> XSLT I posted, too. It works (sort of), but the first
    > template doesn't actually match anything because of this
    > bug.
    >
    > --
    > roy axenov
     
    , Oct 2, 2006
    #17
  18. roy axenov Guest

    A: Because it messes up the order in which people normally
    read text.
    Q: Why is top-posting such a bad thing?
    A: Top-posting.
    Q: What is the most annoying thing on USENET?

    wrote:
    > roy axenov wrote:
    > > Joe Kesselman wrote:


    [named templates]

    > > > Roy: you might want to look up the description of
    > > > named templates, since you're off-base on that point.

    > >
    > > Thanks for the pointer, I'm just starting with XSLT
    > > myself. (I have a feeling I'm going to need it soon, so
    > > I'm trying to be prepared ahead of time.)
    > >

    > As you said you start learning XSLT yourself, can you
    > please tell me what do you read to learn XSLT?


    comp.text.xml, naturally. Lots of problems to solve here,
    and lots of useful hints, too.

    Now that I think of it, a short XSLT/XPath reference on
    developer.mozilla.org has been quite helpful.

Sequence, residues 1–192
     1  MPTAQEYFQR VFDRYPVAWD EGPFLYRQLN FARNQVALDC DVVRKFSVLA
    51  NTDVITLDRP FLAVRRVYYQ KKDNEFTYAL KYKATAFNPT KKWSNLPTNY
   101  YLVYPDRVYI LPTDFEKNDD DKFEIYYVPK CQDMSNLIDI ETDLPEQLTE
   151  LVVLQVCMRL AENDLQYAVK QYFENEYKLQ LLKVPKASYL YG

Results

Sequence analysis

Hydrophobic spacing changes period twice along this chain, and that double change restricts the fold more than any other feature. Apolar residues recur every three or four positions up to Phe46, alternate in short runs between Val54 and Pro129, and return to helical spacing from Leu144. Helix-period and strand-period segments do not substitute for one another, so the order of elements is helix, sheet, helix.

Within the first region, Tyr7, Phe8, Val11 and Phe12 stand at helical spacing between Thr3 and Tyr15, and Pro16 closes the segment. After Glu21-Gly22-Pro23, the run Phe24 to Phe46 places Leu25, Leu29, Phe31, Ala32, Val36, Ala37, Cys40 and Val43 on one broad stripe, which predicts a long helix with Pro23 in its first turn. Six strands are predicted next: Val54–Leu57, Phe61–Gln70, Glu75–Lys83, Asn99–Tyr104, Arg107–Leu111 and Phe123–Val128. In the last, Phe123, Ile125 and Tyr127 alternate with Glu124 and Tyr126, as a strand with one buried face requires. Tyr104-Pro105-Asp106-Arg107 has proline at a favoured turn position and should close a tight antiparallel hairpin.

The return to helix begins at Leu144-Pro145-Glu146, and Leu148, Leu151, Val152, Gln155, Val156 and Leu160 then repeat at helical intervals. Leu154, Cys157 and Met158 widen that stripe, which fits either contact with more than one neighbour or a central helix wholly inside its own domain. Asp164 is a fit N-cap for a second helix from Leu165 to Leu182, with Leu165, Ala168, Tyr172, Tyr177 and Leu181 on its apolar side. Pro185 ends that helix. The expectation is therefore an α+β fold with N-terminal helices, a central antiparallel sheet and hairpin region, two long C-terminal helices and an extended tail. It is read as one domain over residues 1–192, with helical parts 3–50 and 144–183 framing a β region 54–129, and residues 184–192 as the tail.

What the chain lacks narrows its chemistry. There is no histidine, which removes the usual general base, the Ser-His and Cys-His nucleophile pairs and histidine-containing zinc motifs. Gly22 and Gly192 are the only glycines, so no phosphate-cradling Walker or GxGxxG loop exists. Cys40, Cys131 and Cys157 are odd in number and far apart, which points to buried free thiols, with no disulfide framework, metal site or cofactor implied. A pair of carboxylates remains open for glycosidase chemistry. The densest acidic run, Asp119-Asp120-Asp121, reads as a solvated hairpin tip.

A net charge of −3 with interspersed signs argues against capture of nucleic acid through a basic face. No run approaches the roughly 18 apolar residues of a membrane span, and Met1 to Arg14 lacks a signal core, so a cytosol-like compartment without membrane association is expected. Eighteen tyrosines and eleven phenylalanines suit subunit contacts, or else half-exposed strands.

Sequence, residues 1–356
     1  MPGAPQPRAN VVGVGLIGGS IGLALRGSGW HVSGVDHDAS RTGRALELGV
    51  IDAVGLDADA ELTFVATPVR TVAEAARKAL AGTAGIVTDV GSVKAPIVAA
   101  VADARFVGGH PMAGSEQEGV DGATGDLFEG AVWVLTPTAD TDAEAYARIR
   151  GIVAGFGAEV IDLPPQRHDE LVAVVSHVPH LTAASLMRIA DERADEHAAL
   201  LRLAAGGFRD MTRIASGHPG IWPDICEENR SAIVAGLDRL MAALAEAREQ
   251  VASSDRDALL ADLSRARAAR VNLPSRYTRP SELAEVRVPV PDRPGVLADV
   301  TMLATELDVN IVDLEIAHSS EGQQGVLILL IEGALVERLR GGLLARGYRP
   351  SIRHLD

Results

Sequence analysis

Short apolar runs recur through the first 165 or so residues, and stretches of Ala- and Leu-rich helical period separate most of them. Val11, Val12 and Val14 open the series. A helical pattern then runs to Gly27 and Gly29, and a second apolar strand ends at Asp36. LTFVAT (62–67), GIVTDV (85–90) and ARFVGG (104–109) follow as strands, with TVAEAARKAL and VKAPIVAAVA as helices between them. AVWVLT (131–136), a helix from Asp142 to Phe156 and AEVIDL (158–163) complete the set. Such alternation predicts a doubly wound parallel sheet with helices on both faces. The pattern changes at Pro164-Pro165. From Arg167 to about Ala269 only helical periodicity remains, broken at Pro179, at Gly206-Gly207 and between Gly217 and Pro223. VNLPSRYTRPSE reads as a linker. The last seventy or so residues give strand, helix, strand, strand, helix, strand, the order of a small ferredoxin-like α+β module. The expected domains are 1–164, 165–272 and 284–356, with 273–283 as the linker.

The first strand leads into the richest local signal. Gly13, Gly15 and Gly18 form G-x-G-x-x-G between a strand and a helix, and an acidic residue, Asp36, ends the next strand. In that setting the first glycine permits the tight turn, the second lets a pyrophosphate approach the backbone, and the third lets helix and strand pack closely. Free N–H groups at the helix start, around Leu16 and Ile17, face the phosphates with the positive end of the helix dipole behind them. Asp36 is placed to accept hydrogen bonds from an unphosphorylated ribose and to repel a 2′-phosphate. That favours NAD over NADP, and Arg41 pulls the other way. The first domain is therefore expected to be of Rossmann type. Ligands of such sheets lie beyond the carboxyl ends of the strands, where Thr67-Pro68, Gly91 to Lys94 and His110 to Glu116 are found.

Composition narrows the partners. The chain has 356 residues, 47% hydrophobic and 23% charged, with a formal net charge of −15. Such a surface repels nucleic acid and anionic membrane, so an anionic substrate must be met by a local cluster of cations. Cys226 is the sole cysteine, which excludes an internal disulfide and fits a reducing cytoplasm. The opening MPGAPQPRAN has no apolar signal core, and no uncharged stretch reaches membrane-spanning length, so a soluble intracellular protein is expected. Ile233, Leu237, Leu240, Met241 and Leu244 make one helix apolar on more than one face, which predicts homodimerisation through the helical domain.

W3C recommendations are probably worth reading. They tend
    to put me to sleep in a couple of minutes or so, though.

    --
    roy axenov
     
    roy axenov, Oct 3, 2006
    #18
  19. > W3C recommendations are probably worth reading. They tend
    > to put me to sleep in a couple of minutes or so, though.


    If you're looking for something nearly as authoritative as the W3C spec,
    but readable by folks who aren't Language Lawyers, Mike Kay's tome on
    XSLT is still a remarkably good reference. Definitely something a
    beginner should have available, but probably not the place to start
    learning.

    If what you're looking for is tutorial material, I can't advise you on
    books. Do I need to plug IBM's XML DeveloperWorks website yet again?


    --
    Joe Kesselman / Beware the fury of a patient man. -- John Dryden
     
    Joseph Kesselman, Oct 4, 2006
    #19